- A. μετὰ τρεῖς ἡμέρας, "after three days."
On the theory of the priority of Mark (Stein, 45-88; Carson, Matthew, 11-17) Matthew and Luke each "cleaned up" Mark's rather erratic Greek, and this would account for the misleading "after three days" to be altered to "on the third day." On the theory of Matthean priority, Mark altered Matthew's expression while Luke chose to retain it. In any case, the evangelists themselves evidently saw "after three days" and "on the third day" as equivalent expressions. Since Jewish reckoning was inclusive, something happening "on the third day" after something else (the day after the day after the original event) would have been counted as three days later, or "after three days" (Foster, 599; Carson, Matthew, 296).
- B. Ambiguous or oblique references
- 1. Jesus' prediction to raise the temple "in three days"
One particular case of such "hostile repetition" merits additional note: in Matthew 27:62-64, the chief priests and Pharisees ask for "the tomb to be made secure until the third day," because they remember his claim that "after three days I will rise again." Although we have here a fourth example, and in a different Gospel, of the formulation "after three days," it occurs immediately in context with the formulation "until the third day"; i.e., we seem to have here an explicit equating of the two expressions, "after three days" and "until the third day," which would reconfirm the idea that according to Jewish inclusive reckoning, "after three days" would mean "until the third day," and not "until the fourth day," as it would naturally mean in modern English.
- 2. The guarding of the tomb
It is possible to argue that "until the third day" would mean the third day from the time they were speaking--i.e., the day "after Preparation," or after the crucifixion. Granted a Wednesday crucifixion and Jewish inclusive reckoning, they would only be asking for a guard until Saturday; one would further have to postulate that by "until the third day," they meant for the guard to remain at the tomb throughout Saturday night (technically, the beginning of Sunday). It would be much more natural to suppose that "after three days" and "until the third day" are intended to be synonymous expressions (as the Matthew-Mark parallels make clear that they are), so that "until the third day" contextually refers to the third day from the crucifixion, not the third day from their conversation. Again, it would be unwise to base a teaching on an ambiguous reference, and especially one that comes from the mouths of Jesus' enemies.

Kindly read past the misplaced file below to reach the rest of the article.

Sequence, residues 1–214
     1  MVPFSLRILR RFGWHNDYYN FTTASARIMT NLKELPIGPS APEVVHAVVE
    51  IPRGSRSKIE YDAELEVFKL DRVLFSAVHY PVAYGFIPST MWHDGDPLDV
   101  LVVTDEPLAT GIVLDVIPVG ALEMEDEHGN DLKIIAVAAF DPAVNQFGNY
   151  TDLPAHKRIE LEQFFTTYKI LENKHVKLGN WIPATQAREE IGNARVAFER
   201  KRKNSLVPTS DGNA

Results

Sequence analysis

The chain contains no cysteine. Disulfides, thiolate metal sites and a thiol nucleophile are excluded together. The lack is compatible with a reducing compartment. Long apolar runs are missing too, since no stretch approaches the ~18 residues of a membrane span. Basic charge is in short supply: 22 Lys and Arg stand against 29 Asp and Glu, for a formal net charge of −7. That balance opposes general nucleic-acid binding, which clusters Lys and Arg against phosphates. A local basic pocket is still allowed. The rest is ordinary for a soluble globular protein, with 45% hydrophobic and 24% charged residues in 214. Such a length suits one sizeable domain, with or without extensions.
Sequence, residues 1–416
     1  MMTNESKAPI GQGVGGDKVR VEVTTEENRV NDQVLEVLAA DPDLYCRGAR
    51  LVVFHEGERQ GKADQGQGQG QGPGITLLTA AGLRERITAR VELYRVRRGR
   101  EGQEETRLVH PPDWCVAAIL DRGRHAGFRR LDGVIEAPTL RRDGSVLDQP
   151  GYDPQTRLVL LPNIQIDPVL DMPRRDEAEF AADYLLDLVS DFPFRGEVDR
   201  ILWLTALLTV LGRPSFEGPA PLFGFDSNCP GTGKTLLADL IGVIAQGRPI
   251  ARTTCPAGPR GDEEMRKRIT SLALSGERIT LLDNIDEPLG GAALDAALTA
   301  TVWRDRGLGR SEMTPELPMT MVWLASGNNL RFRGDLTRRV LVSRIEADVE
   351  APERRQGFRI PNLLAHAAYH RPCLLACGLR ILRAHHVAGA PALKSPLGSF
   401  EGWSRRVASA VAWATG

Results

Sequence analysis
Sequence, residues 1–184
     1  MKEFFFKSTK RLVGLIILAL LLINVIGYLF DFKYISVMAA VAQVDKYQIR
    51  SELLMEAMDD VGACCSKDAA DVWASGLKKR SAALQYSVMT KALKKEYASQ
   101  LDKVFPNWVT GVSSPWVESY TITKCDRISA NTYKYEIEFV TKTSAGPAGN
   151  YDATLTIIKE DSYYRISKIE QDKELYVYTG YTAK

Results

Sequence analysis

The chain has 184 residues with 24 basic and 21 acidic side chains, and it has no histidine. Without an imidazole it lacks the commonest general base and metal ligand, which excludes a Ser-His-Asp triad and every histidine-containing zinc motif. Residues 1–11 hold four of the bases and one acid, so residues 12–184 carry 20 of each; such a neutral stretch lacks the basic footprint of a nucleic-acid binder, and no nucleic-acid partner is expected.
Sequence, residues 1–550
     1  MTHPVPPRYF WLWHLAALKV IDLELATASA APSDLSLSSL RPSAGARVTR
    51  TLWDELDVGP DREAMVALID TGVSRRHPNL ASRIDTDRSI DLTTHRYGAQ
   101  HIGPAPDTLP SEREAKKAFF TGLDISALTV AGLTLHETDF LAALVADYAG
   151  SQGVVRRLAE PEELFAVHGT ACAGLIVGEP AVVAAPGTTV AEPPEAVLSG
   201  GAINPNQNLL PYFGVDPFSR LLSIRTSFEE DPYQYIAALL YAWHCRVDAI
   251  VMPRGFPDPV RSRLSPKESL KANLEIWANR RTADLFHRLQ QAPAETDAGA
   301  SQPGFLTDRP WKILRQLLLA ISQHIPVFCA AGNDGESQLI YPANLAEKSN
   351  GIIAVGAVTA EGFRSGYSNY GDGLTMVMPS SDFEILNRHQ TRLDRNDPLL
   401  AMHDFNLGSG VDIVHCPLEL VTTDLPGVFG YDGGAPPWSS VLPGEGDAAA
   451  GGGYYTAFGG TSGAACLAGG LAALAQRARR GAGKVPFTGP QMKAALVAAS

The ambiguity of the final reference is largely due to the fact that the passage itself is a veiled reference to Christ's passion, and some could argue that it is not a reference at all. In Luke 13:32, included in a response to a threat from Herod, Jesus refers to "today and tomorrow, and on the third day I will reach my goal." Although there is no explicit mention of the passion, Jesus refers to his death in the following verse, after mentioning again "today and tomorrow and the next day." If anything, this passage would tend to support a Friday crucifixion, but again, no dogmatic conclusions should be drawn.
- 3. Jesus' response to Herod's threats
- C. τῇ τρίτῃ ἡμέρᾳ, "on the third day."
Five of the ten--parallels with Mark's passion predictions--have already been discussed. Their value lies in calling into question the implication that could be drawn from Mark that Jesus lay entombed for three full days. Two other references--Acts 10:40 and 1 Corinthians 15:4--also clearly state that Jesus rose on the third day. It is important to note that in every one of these predictions and recollections (except, arguably, 1 Corinthians 15:4), Jesus is represented as rising on the third day after his crucifixion and death, not after his burial. The Thursday-to-Saturday scheme mentioned in section II, even if plausible on its face, would only account for Jesus rising on the third day from his burial, not from his crucifixion and death. Moreover, the three remaining references, all from Luke's post-resurrection account, make it clearly impossible that the Crucifixion occurred on Wednesday.